• Molecular and muscle strip mechanics in airway hyperresponsiveness and asthma.
  • Molecular mechanics of the latch-state
  • Molecular muscle strip mechanics in cystic fibrosis.
  • Molecular mechanics of skeletal myosin in muscular distrophy.


Research Interests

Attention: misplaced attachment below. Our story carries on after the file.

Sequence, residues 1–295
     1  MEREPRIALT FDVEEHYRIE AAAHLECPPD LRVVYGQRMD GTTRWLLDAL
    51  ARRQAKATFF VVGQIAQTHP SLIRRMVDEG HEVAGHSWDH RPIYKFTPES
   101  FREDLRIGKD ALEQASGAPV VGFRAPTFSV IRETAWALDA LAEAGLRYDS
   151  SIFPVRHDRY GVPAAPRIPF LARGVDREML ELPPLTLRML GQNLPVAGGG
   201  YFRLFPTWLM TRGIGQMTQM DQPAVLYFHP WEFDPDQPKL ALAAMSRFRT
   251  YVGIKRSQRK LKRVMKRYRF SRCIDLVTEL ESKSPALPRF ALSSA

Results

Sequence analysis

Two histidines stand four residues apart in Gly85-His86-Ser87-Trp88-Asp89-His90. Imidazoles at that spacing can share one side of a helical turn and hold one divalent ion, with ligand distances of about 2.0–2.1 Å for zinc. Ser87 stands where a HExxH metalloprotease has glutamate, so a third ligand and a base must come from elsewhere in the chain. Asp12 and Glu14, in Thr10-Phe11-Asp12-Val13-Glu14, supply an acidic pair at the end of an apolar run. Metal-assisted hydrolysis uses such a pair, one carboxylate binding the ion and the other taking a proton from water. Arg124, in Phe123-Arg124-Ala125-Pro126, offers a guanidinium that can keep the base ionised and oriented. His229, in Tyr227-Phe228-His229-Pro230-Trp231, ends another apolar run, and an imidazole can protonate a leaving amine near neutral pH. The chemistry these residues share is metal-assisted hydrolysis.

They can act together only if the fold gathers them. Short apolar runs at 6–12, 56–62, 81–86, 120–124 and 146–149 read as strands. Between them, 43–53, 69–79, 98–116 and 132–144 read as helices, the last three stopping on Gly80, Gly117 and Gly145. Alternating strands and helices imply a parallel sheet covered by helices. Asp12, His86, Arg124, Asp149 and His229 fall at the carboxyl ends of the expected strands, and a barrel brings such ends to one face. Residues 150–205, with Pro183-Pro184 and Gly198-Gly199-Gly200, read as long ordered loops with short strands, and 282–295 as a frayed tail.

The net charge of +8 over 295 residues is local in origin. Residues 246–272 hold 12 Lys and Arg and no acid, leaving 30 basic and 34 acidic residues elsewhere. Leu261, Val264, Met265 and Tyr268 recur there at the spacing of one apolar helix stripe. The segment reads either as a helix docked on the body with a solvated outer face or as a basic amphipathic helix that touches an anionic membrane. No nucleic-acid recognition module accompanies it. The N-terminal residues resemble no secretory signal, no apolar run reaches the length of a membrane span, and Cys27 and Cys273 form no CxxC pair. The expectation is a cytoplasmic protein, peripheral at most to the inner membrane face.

The main interest of Dr. Lauzon’s laboratory is to understand the role of specific proteins in determining the contractile properties of smooth muscle, in particular as they pertain to the problem of airway hyperresponsiveness in asthma. Thus, she established a research program to investigate the structure and function of normal and asthmatic airway smooth muscle. Specifically, the first theme of her research program consists in characterizing contractile protein expression and function in normal and asthmatic airways, as well as in innate and allergic models of asthma. The second theme of her research program consists in investigating fundamental properties of these contractile proteins by measuring rate and force generation directly at the level of the myosin molecules. To these aims, Dr. Lauzon has set up a suite of muscle mechanics equipment that includes an in vitro motility assay, a laser trap assay, and a whole muscle mechanics test apparatus.  Dr. Lauzon’s general hypothesis is that alterations in expression and function of specific contractile proteins are important determinants of airway hyperresponsiveness in asthma. Although the main focus of her work is in the pathogenesis of asthma, her studies are also of direct relevance to other disorders associated with bronchial hyperresponsiveness such as chronic obstructive pulmonary diseases and cystic fibrosis, as well as other vascular and intestinal pathologies related to smooth muscle dysfunction.